But statements from other commissioners make it clear Mr. Hundt now has insufficient support to conduct any investigation.
The FCC already has one open spot and Commissioner James Quello has said he would like to leave at the end of next month.
RESPONDING TO DINGELL
Mr. Hundt's comments and those from other commissioners came in response to a letter from U.S. Rep. John Dingell (D., Mich.), the ranking Democratic member of the House Commerce Committee, questioning the FCC's authority.
Mr. Hundt said statutes have "historically and consistently" provided sufficient legal support for the agency "to take action when the public interest requires it."
"Courts have long recognized that, because of its special features, the broadcast medium receives more limited First Amendment protection than do other media," Mr. Hundt said. "Therefore, broadcast advertisements may well be properly subject to appropriately tailored restrictions if these advertisements were shown to be harmful to young viewers."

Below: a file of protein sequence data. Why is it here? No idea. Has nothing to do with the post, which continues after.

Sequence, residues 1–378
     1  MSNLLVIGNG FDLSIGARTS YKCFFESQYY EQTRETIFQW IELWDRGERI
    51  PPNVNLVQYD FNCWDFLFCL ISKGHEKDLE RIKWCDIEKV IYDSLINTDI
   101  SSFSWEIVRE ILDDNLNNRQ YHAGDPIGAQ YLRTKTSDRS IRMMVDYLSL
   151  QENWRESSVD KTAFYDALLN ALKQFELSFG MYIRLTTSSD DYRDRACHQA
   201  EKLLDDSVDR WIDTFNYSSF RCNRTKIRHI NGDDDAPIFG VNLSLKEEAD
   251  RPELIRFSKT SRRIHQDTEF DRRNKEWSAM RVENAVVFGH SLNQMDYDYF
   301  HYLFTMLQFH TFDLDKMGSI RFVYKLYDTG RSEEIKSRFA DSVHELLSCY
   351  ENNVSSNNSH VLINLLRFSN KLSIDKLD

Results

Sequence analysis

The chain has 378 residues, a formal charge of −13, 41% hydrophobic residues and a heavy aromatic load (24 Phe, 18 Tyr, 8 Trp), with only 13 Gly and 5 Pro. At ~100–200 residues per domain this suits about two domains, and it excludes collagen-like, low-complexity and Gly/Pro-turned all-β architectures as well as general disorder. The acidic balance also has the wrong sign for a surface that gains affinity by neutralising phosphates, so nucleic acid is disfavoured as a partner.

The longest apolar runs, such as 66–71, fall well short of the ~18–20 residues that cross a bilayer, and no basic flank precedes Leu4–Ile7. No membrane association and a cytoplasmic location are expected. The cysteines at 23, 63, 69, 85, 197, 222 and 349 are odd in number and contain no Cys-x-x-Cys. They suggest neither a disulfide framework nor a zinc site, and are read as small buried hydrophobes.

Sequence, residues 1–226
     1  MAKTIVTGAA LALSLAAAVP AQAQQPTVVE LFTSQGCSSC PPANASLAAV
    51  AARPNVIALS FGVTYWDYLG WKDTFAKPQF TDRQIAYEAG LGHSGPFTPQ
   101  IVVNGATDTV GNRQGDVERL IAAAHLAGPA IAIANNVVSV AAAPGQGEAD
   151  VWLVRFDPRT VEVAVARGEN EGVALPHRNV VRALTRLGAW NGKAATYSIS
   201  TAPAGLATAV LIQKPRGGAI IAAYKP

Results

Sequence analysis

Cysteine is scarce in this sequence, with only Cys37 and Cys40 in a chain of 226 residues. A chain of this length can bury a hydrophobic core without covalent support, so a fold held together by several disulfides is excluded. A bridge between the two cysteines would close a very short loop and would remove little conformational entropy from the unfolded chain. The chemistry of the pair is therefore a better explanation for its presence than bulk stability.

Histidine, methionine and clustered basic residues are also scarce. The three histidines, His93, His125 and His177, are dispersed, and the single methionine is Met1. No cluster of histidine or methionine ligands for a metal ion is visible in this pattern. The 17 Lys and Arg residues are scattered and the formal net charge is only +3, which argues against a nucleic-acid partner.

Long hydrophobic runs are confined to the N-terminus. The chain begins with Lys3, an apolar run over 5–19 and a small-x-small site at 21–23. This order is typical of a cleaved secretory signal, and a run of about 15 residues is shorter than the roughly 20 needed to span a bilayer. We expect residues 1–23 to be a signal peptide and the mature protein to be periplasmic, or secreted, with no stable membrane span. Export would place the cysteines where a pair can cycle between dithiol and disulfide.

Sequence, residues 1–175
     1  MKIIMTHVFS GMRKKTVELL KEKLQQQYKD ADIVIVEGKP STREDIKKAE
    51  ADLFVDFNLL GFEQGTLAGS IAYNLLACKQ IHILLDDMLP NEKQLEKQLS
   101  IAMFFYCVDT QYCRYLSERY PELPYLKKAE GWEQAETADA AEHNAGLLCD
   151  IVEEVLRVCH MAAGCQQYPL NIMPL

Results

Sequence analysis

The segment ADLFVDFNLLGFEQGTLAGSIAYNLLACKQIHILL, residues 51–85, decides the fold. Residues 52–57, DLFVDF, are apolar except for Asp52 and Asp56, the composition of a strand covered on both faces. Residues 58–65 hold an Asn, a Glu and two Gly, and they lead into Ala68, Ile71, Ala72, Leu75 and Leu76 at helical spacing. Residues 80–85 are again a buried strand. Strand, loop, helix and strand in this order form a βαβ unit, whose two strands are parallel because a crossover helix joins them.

Commissioner Susan Ness supported an inquiry into the issue, though conceded less certainty on the FCC's ability to do much.
CLAIMING NO AUTHORITY
Mr. Quello and Commissioner Rachelle Chong said the FCC has no authority and should not conduct an inquiry.
"It has been argued that the commission would have authority to impose restrictions . . . under its general mandate to ensure broadcast licenses serve the public interest," Ms. Chong said. "I believe that is too thin a reed to rely on. Any judgment that airing truthful alcoholic beverage advertising is contrary to the public interest would be based on difficult social and factual judgments that are well beyond the expertise of this agency."
"It's worrisome that [Mr. Hundt] has taken this approach," said Dan Jaffe, exec VP of the Association of National Advertisers. "It suggests he will jump into it when the new commissioners get aboard. We have to try to get Congress to focus